The Latest: Protesters march as G-7 leaders arrive in France

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The Latest: Protesters march as G-7 leaders arrive in France
Oxfam activists, wearing masks of the G-7 leaders, enact a performance at the beach in Hendaye, France, Saturday, Aug. 24, 2019. World leaders and protesters are converging on the southern French resort town of Biarritz for the G-7 summit. The masks resemble, from left, Canadian Prime Minister Justin Trudeau, US President Donald Trump, Britain's Prime Minister Boris Johnson and French President Emmanuel Macron. (AP Photo/Emilio Morenatti)

BIARRITZ, France (AP) — The Latest on the Group of Seven summit (all times local):

11:50 a.m.

Hundreds of protesters are marching as Group of Seven leaders arrive in the French resort town of Biarritz.

Protesters planned to cross into Spain from the French border village town of Hendaye. As the march began, they held cardboard signs aloft with pictures of Earth, protesting against climate policies they blame on the world’s G-7 countries.

French President Emmanuel Macron, the host, put the Amazon fires at the top of the agenda for the weekend meeting.

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11:30 a.m.

Japanese Prime Minister Shinzo Abe has arrived for the Group of Seven summit amid escalating tensions with South Korea.

South Korea canceled a deal to share military intelligence, mainly on North Korea, after a trade dispute between the two countries.

Relations between two countries, both allies of the U.S., are at their lowest point since they established diplomatic ties in 1965.

Abe’s plane touched down in the French seaside resort on Biarritz on Saturday morning.

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11:05 a.m.

Germany says that impeding a trade deal between the European Union and South American trade bloc Mercosur won’t help reduce the destruction of rainforest in Brazil.

On Friday, Group of Seven summit host French President Emmanuel Macron threatened to block the recently agreed trade deal with Mercosur, which also includes Argentina, Paraguay and Uruguay. Ireland joined in the threat.

German Chancellor Angela Merkel has made clear she shares Macron’s concern about the fires. But her government said in an emailed response Saturday to a query about the threat to the Mercosur deal that its trade section “includes an ambitious sustainability chapter with binding rules on climate protection,” in which both sides committed to implementing the Paris climate accord.

It added: “the non-conclusion (of the deal) is therefore from our point of view not the appropriate response to what is currently happening in Brazil.”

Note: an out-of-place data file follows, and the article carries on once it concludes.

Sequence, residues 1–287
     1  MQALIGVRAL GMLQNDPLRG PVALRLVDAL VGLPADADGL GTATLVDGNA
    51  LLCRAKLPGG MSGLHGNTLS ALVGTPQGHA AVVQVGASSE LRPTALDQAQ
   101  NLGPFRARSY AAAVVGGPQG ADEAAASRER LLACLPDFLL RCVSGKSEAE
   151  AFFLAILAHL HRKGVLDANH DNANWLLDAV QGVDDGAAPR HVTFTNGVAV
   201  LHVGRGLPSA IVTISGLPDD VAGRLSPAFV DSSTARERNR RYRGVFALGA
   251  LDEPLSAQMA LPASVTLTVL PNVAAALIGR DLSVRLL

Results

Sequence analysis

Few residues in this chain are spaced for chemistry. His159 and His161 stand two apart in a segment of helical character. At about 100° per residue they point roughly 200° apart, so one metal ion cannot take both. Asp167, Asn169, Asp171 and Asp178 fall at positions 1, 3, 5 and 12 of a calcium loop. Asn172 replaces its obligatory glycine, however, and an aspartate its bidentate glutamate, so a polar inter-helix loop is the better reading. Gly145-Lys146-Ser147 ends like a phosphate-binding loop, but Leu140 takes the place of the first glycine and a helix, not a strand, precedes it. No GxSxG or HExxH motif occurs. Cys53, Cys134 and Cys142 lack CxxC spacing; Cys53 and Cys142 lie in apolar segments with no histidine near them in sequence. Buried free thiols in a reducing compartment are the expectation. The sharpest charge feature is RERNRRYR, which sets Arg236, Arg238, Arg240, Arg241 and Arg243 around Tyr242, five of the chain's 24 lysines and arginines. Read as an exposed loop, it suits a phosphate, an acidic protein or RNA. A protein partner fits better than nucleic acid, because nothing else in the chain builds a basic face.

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10:55 a.m.

German Chancellor Angela Merkel says the Group of Seven leaders “cannot be silent” in the face of fires sweeping parts of Brazil’s Amazon and will call for everything to be done to stop fires in the rainforest.

Germany is backing French President Emmanuel Macron’s call to discuss the fires at the weekend’s French-hosted G-7 summit. Merkel said in her weekly video message released Saturday: “Emmanuel Macron is right — our house is burning, and we cannot be silent.”

She said leaders are “shaken” by the fires and that they will discuss “how we can support and help there, and send a clear call that everything must be done so that the rainforest stops burning.”

Amid a series of policy and trade disagreements, which she didn’t address explicitly, Merkel said that “talking to each other is always better than about each other — and the G-7 is an excellent opportunity for that.”

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10:30 a.m.

World leaders and protesters are converging on the southern French resort town of Biarritz for the G-7 summit.

French President Emmanuel Macron is the host of the summit, which begins Saturday and has emptied out the town famed for its beach on the last week of the summer break. He has downplayed any expectations of a unified front from the leaders of the Group of Seven democracies.

U.S. President Donald Trump arrives later in the day. At last year’s meeting, Trump left early and repudiated the joint statement from Air Force One.

At the top of the agenda are climate change – and especially the fires burning in the Amazon – and a global economy teetering on the edge of recession.